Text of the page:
Moore files lawsuit against College

Since the College’s firing last month of Bernard Moore, former visiting assistant professor of political science, the administration has been dealing with the case’s repercussions, which include both legal considerations and issues within the College. Moore, who pled guilty to fraud charges in federal court on Nov. 9 and faces up to 41 months in prison when he is sentenced in February, filed a lawsuit against the College on Nov. 25 seeking damages of over $1.3 million. At the same time, the College continues conducting reviews of both Moore’s College credit card use as well as its own faculty hiring and review procedures.

“Apart from dealing with the legal action brought by Dr. Moore, which in the College’s view has no merit, no further action on the College’s part in this case is intended,” said Interim President Wagner.

Moore, who appears to be representing himself, alleges in his complaint that the College breached his contract in firing him and also violated COBRA, a federal employment statute that allows employees to continue their group health benefits when they lose their jobs, when it subsequently terminated his College health insurance.

According to the complaint, “The denial of COBRA continuation coverage by Williams College was arbitrary and capricious in nature since Dr. Moore was wrongful [sic] terminated on the basis of conduct that was from 2002 to 2006 two years prior to his appointment at Williams College on July 1, 2009 which constitute a breach Dr. Moore’s three year contract [sic].”

Moore argues that the College violated COBRA when it cancelled his health insurance plan due to “gross misconduct,” a judgment he alleges the letter of dismissal that Wagner addressed to Moore on Nov. 12 does not support. According to Wagner’s letter, Moore was dismissed based on his criminal conviction, fraudulent credentials, failure to notify the College of his actions and purchases with a College credit card that were not permitted by College policy.

“The College understands ‘gross misconduct’ to include at least the commission of a federal felony, rendering him, under the law, ineligible for COBRA,” said Jim Kolesar, director of public affairs, who added that the College has yet to officially receive the complaint.

According to Wagner, the Controller’s Office and the Dean of the Faculty’s office continue to investigate Moore’s use of his College credit card. In comments printed in the The Berkshire Eagle on Dec. 2, however, Kolesar said “that the number of dollars involved is not financially serious.”

Of the $1.3 million that Moore seeks from the College, $300,000 is for “back pay, front pay and reimbursement,” while $1 million is for punitive damages, according to his complaint. Moore also seeks an unspecified amount for the alleged COBRA violation.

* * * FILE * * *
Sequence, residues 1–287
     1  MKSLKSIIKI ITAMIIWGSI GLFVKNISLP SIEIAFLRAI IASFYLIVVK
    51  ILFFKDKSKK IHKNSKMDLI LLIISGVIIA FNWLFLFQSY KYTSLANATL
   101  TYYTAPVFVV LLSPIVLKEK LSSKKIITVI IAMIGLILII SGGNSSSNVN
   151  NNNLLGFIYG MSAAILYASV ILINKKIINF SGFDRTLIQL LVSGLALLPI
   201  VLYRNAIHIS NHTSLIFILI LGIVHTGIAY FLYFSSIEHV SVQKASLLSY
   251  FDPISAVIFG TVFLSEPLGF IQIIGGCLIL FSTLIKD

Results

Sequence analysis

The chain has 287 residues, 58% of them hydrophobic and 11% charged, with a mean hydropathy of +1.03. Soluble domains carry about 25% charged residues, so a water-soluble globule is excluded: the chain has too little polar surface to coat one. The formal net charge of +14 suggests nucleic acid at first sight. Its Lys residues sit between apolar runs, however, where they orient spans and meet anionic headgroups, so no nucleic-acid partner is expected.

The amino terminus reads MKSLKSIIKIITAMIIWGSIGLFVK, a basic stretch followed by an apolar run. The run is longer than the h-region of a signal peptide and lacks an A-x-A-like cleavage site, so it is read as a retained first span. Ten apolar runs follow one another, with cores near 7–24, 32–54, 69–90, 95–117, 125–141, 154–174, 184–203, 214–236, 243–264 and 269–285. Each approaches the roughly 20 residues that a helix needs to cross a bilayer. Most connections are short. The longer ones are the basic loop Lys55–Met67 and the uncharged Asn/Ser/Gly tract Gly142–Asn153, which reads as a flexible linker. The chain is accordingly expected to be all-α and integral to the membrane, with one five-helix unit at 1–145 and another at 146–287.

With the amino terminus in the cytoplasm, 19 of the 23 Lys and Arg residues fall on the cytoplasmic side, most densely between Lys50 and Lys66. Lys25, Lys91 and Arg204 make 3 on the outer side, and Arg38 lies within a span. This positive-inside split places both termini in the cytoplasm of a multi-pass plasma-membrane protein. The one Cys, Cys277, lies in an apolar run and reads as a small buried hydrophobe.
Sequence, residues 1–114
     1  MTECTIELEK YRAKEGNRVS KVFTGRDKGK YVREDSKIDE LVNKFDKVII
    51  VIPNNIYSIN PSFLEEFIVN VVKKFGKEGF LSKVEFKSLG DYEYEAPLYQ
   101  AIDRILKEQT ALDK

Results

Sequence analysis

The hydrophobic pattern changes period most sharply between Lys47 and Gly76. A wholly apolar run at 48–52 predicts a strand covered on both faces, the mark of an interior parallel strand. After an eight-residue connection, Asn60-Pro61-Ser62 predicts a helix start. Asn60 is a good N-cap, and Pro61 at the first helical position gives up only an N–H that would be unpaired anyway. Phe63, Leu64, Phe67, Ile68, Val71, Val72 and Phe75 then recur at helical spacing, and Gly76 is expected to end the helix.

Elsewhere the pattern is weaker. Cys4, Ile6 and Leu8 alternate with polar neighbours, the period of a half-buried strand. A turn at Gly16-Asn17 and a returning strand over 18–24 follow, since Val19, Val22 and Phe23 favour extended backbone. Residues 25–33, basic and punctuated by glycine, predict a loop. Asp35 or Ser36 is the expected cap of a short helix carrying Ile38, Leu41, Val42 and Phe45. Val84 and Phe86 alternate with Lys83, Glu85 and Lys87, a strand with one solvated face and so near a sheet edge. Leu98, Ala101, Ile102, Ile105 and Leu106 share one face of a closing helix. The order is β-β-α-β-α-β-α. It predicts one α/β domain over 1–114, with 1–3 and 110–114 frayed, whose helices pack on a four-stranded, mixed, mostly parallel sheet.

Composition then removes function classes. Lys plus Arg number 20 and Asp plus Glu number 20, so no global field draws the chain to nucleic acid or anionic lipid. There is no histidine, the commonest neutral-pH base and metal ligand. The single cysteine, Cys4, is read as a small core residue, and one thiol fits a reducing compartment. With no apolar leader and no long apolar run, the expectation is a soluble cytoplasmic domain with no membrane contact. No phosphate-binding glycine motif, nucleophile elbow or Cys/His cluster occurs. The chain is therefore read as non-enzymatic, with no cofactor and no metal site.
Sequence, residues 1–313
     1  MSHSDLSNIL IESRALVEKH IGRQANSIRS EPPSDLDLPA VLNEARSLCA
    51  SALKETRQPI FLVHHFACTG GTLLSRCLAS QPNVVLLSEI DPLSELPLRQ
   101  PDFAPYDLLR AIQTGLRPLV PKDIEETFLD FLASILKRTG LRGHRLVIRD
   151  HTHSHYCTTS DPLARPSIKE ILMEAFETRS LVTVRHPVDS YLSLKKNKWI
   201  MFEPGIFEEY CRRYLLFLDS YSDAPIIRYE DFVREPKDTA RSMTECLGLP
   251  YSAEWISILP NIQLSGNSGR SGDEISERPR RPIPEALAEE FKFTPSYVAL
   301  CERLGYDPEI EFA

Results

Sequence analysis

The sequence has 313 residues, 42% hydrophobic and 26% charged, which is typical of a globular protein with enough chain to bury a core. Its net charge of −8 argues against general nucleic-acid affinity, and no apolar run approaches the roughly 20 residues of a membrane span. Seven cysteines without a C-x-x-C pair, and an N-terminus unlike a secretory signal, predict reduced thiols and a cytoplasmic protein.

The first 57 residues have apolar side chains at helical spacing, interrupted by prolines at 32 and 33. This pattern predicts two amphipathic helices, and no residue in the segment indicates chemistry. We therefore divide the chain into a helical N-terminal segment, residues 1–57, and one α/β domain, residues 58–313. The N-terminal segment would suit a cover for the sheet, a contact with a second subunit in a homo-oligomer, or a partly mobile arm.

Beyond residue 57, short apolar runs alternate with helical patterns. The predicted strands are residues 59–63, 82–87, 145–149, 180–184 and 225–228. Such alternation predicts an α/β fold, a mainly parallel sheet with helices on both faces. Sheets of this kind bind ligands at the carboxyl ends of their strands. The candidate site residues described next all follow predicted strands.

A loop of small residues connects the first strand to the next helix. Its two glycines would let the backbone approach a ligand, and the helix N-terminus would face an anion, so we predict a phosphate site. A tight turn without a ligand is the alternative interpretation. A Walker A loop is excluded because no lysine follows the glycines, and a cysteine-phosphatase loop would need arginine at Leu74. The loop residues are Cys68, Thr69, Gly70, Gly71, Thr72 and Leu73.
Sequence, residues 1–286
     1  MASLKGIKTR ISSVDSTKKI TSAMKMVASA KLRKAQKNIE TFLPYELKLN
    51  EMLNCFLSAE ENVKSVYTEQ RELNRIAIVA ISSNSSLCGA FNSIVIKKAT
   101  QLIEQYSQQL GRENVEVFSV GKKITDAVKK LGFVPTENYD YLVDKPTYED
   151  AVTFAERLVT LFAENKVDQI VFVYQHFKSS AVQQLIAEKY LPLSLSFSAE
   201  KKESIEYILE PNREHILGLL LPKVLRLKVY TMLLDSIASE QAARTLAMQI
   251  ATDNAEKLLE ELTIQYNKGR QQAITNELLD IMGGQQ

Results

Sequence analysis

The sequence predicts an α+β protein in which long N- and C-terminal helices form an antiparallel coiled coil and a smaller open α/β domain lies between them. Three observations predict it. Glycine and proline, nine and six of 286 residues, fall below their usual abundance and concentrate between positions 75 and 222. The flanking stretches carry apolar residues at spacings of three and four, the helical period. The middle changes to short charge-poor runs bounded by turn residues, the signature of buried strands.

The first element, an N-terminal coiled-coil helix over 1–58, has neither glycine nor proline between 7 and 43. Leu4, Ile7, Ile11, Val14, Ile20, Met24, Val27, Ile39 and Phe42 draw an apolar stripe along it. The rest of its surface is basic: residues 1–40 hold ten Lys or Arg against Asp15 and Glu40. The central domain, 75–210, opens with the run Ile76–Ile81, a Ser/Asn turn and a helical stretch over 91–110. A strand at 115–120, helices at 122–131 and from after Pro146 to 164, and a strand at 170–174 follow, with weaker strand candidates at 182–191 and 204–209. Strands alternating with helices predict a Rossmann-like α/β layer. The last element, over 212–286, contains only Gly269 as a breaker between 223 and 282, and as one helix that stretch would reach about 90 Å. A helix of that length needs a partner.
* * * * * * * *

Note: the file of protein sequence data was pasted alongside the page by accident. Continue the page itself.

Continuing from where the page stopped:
College conducts
procedural reviews

Aside from dealing with Moore’s lawsuit, the College is also conducting multiple reviews of its faculty hiring and evaluation procedures, which in Moore’s case failed to expose a prior felony conviction, an ongoing federal investigation and a fraudulent undergraduate degree.

“A number of offices and departments have been discussing the case,” said Wagner, adding that the College has also been consulting its “own counsel regularly regarding the case.”

In the first concrete procedural changes to be implemented following Moore’s departure, the Committee on Appointments and Promotions (CAP) and the Faculty Steering Committee will from now on require all candidates for faculty positions to provide verification of their degrees.

“The Steering Committee was asked to consider [the issue] and felt that there was no problem with making [job] offers pending verification of credentials,” said Lucie Schmidt, professor of economics and chair of the Faculty Steering Committee. “It’s something many other institutions do, and it is simply a question of covering all the bases.”

According to Jim Mahon, professor and chair of political science, the department discussed possible changes to its own policies at a meeting on Dec. 2. “I can say that we are looking at ways to pay more attention to teaching in both hiring – to the extent possible – and review,” he said, though he declined to offer specific details because the review is ongoing.
While the political science department has so far been working independently in its procedural review, a larger group of department and program chairs will address common concerns arising from Moore’s case at a meeting next semester. “We will be discussing hiring, evaluation and mentoring practices for visiting faculty in light of what we have learned in this instance, with a view to improving them where possible,” Wagner said.

Both Wagner and Kolesar said that they have received about a dozen e-mails from parents and alumni expressing appreciation for being informed, concerns over hiring practices and, according to Wagner, “a desire that the initiatives begun by Dr. Moore continue.”

Mahon said that most of the comments directed at him have come from students, some of who serve on the department’s student liaison committee and are involved in the ongoing review.

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